All You Need to Know about Carpet Area, Built up Area and Super Built up
How often were you puzzled when a developer quoted terms like RERA carpet area and built-up area calculation, among others? Getting to know these terms may seem like a pain just when you have crossed the milestones of selecting the right location, builder and budget. In reality, having proper knowledge of the jargon significantly impacts the success of your investment in an apartment.
We offer you a comprehensive guide to understanding the difference between carpet area vs built-up area vs super built-up area. A proper understanding is conducive to a more informed house-buying process.
What is a Carpet Area?
To put it in simple terms, the carpet area of an apartment denotes the space that a carpet can cover. The carpet area encompasses the spaces covered by the dining hall, kitchen, living room and balcony inside the apartment and toilets.
Understanding the carpet area is vital for homebuyers to precisely measure the apartment unit and know which portion of the property is included. Additionally, with a clear definition of the carpet space, buyers can now ascertain the accurate measurement of the usable area.
How to Calculate the Carpet Area?
Buyers must take heed that the price of an apartment is based on the carpet area and not the super built-up area. It warrants a proper calculation of the site. Builders use the below formula:
Carpet area = area of bedroom + living room + balconies + toilets - the thickness of the inner walls.
What is the RERA Carpet Area?
The Real Estate Regulatory Authority (RERA) Act specifies that carpet area is a house's net usable floor space and the distance between the inner partition walls. It excludes the space covered by the external walls, under service shafts, private balconies and exclusive terrace area.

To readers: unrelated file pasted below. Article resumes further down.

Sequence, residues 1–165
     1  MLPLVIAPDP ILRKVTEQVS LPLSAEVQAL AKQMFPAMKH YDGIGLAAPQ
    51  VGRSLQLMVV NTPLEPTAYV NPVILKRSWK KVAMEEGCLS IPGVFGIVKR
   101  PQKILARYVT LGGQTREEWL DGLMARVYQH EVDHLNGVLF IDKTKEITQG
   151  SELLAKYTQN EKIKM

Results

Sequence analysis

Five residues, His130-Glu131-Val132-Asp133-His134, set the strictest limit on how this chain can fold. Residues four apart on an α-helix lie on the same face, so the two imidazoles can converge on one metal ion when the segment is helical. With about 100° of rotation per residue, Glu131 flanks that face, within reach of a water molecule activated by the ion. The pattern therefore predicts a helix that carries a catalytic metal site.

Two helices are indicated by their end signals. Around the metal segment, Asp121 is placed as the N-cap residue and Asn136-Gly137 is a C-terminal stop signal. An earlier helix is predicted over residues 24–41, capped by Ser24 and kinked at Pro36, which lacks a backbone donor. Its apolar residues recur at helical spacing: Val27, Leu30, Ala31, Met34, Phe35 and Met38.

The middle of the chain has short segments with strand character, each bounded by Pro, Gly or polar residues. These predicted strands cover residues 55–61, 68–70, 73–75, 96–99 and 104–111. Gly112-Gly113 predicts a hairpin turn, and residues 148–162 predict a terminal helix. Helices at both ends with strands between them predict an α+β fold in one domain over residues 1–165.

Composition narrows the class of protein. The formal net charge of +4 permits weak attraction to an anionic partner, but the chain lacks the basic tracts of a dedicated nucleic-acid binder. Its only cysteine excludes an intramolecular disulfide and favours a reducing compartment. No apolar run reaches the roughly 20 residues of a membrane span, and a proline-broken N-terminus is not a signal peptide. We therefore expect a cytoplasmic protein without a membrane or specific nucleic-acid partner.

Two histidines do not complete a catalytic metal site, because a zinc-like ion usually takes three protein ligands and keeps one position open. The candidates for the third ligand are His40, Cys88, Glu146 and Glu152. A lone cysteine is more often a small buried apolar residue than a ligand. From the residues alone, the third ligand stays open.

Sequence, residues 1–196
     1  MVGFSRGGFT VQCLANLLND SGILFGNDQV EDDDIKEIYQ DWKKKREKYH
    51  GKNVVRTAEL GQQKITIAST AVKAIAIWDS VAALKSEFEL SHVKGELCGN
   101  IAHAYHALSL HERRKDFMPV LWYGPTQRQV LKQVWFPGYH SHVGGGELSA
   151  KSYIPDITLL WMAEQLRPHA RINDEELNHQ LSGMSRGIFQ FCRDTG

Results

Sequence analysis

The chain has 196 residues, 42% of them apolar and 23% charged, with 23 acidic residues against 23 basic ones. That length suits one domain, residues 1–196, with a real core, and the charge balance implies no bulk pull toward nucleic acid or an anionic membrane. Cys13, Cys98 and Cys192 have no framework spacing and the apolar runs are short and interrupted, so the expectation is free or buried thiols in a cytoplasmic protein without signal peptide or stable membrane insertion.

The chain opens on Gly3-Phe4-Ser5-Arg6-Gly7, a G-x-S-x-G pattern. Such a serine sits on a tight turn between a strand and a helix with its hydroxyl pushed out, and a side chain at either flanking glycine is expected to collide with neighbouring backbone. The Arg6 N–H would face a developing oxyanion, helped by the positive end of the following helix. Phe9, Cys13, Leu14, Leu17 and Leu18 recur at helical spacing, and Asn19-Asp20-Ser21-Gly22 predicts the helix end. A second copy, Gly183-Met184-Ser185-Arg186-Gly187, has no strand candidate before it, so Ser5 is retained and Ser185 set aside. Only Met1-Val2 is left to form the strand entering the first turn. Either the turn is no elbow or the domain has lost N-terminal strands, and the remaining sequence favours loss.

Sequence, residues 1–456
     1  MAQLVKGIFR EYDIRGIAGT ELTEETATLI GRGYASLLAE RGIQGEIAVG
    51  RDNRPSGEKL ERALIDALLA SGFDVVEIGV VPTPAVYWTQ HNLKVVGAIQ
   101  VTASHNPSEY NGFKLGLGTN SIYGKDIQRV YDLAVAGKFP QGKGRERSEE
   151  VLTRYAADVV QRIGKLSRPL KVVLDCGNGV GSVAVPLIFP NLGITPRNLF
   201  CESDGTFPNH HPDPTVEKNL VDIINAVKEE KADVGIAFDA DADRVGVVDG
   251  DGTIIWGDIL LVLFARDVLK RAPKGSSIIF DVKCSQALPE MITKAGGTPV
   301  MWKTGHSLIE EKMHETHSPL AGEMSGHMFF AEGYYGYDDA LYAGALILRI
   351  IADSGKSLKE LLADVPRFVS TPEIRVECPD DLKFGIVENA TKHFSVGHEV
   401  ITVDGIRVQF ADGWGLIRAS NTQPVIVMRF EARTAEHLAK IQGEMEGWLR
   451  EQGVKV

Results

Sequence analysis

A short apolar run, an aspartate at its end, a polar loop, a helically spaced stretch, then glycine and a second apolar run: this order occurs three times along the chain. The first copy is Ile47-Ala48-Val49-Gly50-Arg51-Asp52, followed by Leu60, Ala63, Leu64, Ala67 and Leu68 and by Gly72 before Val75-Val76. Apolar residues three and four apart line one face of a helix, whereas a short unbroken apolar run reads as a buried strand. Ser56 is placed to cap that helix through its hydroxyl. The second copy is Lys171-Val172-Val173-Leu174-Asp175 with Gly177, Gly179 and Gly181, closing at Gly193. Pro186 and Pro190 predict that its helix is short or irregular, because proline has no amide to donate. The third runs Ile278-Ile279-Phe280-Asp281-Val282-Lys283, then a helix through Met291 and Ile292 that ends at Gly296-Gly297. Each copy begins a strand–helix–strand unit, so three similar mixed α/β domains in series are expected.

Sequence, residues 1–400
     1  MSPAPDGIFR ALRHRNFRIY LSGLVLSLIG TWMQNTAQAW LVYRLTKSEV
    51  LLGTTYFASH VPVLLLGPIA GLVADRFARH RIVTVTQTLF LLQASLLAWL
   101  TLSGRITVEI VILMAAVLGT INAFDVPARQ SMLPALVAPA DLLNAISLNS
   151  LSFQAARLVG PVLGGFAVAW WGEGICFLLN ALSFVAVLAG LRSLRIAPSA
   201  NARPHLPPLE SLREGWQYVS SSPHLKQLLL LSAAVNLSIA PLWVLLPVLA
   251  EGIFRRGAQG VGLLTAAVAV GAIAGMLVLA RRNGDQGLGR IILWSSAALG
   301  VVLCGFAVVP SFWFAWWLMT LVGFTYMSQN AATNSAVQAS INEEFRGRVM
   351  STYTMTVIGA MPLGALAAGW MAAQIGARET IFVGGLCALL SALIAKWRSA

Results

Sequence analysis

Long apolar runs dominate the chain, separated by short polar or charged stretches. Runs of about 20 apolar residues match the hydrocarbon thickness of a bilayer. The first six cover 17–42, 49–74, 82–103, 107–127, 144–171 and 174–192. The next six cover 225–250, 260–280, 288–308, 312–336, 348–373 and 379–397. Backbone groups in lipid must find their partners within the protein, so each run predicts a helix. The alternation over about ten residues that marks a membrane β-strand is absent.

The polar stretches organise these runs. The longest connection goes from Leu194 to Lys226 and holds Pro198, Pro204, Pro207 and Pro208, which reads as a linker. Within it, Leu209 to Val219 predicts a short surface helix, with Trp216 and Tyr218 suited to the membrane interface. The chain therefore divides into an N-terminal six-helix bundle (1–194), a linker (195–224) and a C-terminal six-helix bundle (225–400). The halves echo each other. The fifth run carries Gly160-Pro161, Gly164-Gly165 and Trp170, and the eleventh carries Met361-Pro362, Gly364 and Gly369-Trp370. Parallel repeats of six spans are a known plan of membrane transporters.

Prior to the implementation of the RERA Act, most builders used to mention only the built-up or super-built area instead of the carpet area while pitching for a property.
Buyers must note that they are eligible to get a refund if the promised carpet area differs from the actual value after the completion of the construction project. In case of an increase in the space, they will be charged accordingly. However, as per RERA's limitations, the increase in the carpet area cannot exceed 3%.
How to Calculate the RERA Carpet Area?
The RERA carpet area calculator is an easy process of measuring the carpet area, which is 70% of the total built-up area.
What is a Built-up Area?
The built-up or plinth area comprises the carpet space and additional individual spaces enclosed by the apartment's walls. These extra spaces consist of balconies, terraces, mezzanine floors and the utility area. Typically, the built-up area is approximately 10-15% larger than the carpet area.
As a buyer, you must know that 50% of partition walls shared by other flat units are considered. In contrast, the entirety of other divisions is calculated while determining the build-up area.
The built-up area value is the main component determining the actual area used.
How to Calculate the Built-Up Area?
Use the formula below to arrive at your built-up area value:
Built-up area = Carpet area + area of walls + area of the balcony
Let's assume that dry balconies and terraces collectively cover 10% of the total built-up area while the actual usable space constitutes only 70%. If the built-up area measures 1,000 sq ft, it implies that 30%, equivalent to 300 sq ft, is non-usable, leaving behind 700 sq ft as the functional space that can be utilised.
What is a Super Built Up Area?
Also termed the saleable area, the super built-up area is the sum of the total built-up area and a specific portion of common spaces termed the loading factor, such as the lobby, lift, corridors, etc. The value of the part generally ranges between 25% to 60% of the carpet area.
The value increases with the portion of the amenities, such as a swimming pool, clubhouse and garden, among others provided within the apartment complex.